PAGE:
Then, after a long wait, we received their "Delayed Certificate of Birth". This showed their names, address, parents names...it also showed the supporting documentation and listed them...one by one as I have listed them above.

      On a side note here, we discovered when we went to the church for my dad's certification of birth and baptism, that my Dad had celebrated his birthday on the wrong day for almost 60 years. As we looked over Father's shoulders as he wrote from the original church book, he stopped and glanced up and said, "Did you know that the original birth date was entered in error and changed?" Of course, we had not. So he showed us a scrawled notation (but quite legible) that said, "date of birth of January 5, 1904 entered in error....correct date of birth is January 7, 1904".

      So, we started celebrating his birthday on the 7th. He, however, stuck to the 5th as that was the date he had used for 60 years. So........I thought knowing that there are documents called "Delayed Certificate of Birth" might mean a rexamination of items that many who are doing family history ask for. Even when writing to the State Vital Records or a country courthouse for some of this documentation, always indicate that this may be a "Delayed Certificate of Birth".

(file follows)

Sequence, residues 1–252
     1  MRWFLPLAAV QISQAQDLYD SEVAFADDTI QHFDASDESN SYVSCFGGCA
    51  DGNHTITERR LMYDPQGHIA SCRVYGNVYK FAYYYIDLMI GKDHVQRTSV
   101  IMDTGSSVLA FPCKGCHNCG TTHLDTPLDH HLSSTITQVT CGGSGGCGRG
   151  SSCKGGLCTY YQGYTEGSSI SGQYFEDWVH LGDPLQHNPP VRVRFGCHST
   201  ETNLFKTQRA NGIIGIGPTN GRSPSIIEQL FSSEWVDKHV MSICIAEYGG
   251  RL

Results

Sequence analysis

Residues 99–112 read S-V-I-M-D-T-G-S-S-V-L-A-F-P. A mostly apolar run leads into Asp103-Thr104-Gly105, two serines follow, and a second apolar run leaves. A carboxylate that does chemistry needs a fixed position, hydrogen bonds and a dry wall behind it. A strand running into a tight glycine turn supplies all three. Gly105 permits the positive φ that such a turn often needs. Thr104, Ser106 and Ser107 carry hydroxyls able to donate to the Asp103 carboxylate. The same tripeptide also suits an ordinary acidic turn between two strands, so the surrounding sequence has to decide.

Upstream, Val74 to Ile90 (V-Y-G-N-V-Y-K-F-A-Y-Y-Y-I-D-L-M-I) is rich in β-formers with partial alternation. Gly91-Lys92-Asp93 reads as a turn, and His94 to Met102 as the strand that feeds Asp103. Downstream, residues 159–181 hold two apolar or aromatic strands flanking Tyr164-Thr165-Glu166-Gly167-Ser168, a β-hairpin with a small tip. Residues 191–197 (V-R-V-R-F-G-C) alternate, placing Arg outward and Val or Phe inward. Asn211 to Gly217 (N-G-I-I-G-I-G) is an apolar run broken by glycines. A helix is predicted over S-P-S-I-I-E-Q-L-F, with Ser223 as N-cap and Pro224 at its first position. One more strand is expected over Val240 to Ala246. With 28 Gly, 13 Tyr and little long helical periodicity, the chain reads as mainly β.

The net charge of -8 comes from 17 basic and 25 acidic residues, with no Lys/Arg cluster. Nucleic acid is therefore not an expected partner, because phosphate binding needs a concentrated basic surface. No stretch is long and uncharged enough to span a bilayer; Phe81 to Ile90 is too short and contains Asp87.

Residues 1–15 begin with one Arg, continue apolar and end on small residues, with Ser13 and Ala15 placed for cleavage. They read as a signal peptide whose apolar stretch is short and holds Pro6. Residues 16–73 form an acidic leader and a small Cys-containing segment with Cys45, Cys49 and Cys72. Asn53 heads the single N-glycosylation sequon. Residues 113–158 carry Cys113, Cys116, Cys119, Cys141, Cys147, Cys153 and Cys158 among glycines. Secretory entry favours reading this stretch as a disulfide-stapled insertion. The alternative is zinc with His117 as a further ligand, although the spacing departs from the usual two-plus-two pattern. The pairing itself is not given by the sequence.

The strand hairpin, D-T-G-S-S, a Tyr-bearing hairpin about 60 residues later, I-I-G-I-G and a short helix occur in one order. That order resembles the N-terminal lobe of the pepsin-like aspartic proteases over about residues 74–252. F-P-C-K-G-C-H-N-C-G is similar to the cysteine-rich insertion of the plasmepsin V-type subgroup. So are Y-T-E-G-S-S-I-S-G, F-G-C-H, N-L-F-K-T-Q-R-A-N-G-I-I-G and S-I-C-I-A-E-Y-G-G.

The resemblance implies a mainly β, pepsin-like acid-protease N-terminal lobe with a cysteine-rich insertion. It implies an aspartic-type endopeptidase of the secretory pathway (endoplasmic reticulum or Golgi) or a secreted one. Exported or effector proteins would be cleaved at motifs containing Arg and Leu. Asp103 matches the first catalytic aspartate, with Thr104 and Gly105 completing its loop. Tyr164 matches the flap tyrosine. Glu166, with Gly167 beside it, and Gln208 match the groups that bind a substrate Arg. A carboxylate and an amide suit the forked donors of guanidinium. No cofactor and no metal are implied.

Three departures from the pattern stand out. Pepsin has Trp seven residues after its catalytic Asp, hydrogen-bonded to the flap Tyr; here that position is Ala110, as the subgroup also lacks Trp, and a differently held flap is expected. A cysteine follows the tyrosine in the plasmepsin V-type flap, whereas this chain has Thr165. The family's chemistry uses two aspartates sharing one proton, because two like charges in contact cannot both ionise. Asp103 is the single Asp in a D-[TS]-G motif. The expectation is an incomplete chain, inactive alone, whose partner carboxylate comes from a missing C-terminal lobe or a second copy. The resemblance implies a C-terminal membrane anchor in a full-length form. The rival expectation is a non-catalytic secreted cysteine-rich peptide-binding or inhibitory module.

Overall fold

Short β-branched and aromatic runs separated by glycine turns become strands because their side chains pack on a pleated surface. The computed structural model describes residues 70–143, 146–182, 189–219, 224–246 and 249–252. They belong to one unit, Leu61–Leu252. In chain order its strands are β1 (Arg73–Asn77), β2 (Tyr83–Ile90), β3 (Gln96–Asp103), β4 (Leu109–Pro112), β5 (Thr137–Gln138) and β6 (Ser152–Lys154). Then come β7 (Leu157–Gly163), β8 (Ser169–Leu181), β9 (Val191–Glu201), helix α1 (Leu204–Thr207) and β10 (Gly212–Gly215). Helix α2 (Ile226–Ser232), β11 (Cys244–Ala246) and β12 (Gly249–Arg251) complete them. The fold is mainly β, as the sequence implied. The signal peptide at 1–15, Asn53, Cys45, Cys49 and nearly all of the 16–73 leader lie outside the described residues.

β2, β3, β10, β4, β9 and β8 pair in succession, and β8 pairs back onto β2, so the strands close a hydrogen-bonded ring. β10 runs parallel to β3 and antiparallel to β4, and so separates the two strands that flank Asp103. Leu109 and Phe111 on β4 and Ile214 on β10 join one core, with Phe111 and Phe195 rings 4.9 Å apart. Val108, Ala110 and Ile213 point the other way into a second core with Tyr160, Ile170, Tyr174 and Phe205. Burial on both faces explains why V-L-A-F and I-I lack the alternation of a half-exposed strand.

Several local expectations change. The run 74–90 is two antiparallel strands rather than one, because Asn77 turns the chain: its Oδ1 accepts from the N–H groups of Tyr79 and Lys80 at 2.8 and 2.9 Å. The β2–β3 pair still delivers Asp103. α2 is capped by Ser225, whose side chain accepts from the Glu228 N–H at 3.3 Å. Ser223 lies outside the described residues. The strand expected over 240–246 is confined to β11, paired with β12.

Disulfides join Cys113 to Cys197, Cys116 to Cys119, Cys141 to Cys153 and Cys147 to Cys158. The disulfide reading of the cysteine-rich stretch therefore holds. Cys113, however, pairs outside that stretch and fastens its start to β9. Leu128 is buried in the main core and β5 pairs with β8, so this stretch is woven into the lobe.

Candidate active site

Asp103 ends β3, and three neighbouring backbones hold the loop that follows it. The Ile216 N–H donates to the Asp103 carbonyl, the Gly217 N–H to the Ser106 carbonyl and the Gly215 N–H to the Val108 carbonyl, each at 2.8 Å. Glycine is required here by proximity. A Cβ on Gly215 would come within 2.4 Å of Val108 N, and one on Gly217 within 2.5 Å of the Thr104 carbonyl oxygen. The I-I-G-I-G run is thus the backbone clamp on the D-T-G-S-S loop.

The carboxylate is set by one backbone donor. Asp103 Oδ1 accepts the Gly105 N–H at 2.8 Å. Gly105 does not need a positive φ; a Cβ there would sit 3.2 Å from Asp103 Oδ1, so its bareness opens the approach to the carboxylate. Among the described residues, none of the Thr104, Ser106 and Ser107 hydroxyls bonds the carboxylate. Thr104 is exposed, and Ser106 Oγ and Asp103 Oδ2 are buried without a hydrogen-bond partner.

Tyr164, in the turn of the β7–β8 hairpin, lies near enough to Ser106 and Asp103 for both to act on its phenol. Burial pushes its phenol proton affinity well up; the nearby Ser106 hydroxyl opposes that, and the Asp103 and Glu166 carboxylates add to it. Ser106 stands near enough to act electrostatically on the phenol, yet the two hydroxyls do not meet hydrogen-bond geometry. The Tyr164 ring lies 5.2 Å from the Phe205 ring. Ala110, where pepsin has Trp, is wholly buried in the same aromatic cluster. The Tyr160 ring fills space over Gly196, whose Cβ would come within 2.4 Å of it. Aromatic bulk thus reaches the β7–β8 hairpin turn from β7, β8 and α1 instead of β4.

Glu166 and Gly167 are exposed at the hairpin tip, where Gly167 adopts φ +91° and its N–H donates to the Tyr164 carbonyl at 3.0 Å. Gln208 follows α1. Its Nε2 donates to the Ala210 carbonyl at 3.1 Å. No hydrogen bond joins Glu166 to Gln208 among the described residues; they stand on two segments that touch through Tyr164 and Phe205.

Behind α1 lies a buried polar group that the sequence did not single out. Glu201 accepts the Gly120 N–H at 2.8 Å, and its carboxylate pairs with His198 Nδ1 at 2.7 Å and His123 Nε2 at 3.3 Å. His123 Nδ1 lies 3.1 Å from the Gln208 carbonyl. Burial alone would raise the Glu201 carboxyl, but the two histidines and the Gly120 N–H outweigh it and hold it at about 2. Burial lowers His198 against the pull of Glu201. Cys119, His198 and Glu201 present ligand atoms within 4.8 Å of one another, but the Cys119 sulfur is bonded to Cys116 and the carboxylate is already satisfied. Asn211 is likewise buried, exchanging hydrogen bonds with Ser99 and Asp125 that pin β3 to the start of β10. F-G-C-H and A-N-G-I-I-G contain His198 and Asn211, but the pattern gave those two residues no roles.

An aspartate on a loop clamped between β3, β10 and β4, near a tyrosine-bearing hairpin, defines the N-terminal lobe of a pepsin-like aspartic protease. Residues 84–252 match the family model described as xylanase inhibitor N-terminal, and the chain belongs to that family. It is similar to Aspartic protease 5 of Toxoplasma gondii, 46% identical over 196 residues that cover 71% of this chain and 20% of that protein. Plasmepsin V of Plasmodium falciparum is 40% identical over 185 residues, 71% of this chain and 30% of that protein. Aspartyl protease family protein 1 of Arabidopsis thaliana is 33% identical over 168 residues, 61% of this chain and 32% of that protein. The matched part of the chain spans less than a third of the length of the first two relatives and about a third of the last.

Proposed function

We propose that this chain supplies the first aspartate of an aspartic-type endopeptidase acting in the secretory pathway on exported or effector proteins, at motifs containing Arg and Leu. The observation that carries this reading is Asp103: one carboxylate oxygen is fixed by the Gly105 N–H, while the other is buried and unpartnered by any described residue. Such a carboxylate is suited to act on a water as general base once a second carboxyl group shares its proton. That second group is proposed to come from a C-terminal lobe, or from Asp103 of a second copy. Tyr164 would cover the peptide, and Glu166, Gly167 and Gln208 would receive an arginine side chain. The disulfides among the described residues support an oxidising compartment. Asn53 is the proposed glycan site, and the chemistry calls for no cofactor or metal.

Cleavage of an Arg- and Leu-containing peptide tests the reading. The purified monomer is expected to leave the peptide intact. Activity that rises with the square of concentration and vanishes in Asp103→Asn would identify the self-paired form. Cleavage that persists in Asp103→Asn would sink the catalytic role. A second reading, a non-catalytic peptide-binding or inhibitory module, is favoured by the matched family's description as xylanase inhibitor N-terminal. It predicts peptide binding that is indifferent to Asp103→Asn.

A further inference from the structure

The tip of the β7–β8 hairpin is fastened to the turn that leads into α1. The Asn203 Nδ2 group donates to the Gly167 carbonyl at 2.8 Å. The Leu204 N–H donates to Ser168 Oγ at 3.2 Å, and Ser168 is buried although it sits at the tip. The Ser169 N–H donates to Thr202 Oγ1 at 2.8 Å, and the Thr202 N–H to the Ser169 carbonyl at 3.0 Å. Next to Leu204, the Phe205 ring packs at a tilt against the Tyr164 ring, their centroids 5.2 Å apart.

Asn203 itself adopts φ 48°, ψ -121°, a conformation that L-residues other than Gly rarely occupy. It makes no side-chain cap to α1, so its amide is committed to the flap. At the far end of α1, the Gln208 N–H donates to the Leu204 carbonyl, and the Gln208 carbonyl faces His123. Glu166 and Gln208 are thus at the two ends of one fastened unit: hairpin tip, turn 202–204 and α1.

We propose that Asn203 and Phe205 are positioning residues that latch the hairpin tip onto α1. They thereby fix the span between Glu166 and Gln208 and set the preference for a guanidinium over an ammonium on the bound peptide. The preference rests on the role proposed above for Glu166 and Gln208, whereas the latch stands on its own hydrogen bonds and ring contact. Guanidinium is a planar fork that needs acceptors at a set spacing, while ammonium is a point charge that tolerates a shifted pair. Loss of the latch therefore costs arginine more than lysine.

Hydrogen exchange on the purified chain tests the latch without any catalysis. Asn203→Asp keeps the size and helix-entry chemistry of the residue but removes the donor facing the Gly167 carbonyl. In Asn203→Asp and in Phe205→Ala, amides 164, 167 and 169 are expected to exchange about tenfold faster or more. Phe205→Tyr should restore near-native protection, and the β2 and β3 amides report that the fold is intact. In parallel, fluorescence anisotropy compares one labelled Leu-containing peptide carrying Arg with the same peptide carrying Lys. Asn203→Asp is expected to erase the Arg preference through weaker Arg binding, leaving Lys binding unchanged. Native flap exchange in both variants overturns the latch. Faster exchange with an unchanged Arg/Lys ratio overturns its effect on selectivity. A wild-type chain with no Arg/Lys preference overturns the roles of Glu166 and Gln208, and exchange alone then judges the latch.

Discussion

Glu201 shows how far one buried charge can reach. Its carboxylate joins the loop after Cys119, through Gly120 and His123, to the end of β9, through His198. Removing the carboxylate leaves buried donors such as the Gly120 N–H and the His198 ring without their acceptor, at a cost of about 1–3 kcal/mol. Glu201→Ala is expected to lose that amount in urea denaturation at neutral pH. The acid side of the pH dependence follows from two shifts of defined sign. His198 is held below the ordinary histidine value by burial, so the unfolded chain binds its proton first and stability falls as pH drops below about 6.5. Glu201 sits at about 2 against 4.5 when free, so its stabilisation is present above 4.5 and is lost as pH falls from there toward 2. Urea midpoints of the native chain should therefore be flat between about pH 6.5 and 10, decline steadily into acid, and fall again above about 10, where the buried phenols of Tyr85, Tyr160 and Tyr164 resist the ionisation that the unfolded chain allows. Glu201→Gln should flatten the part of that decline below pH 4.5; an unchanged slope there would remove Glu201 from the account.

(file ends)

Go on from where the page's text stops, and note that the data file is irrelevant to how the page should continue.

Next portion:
I hope some of this information may help someone. And just a final note to this email......it was ironic that my dad died on January 7, 1989....the day of his birth. He was actually watering his garden at the time. Somehow, I thought it was quite fitting and proper. He was born and died on the very same day.


      Bill Tarkulich <bill.tarkulich@...> wrote:Look at the image on this link:
      It is the actual application form. It will answer your questions.

      > From: jump4toys@...
      > Date: 2005/04/19 Tue PM 01:44:28 EDT
      > To: SLOVAK-ROOTS@yahoogroups.com
      > Subject: Re: [S-R] Social Security Numbers
      > HI..
      > When I look it up on the geneology sites, it says the DATE of the death, and
      > the place of death, and birthplace.
      > My only thought is as I go along with hunting for more info.....is that for
      > $28, there might not be any more info than that on the person. I would really
      > like parents names, etc.
      > IT's hard because these are immigrants who were born in Europe and died in
      > the US, so the parents are from Eastern Europe, died in Eastern Europe.
      > Would there be info on this person's SS form about his parents who never came
      > to the USA?
      > DAniel
      > > Social Security applications SHOULD include birthdate, birthplace, and
      > > possibly parents' names. The fee will be paid to the Social Security
      > > Administration, which does not give anything away, not to a genealogy
      > > service. The last
      > > time I looked, the fee was $28 each. Why is it being so hard? Are they
      > > very
      > > recent people? Can I help in some other way?
      > >
      > > Elizabeth
      > > Virginia
      > >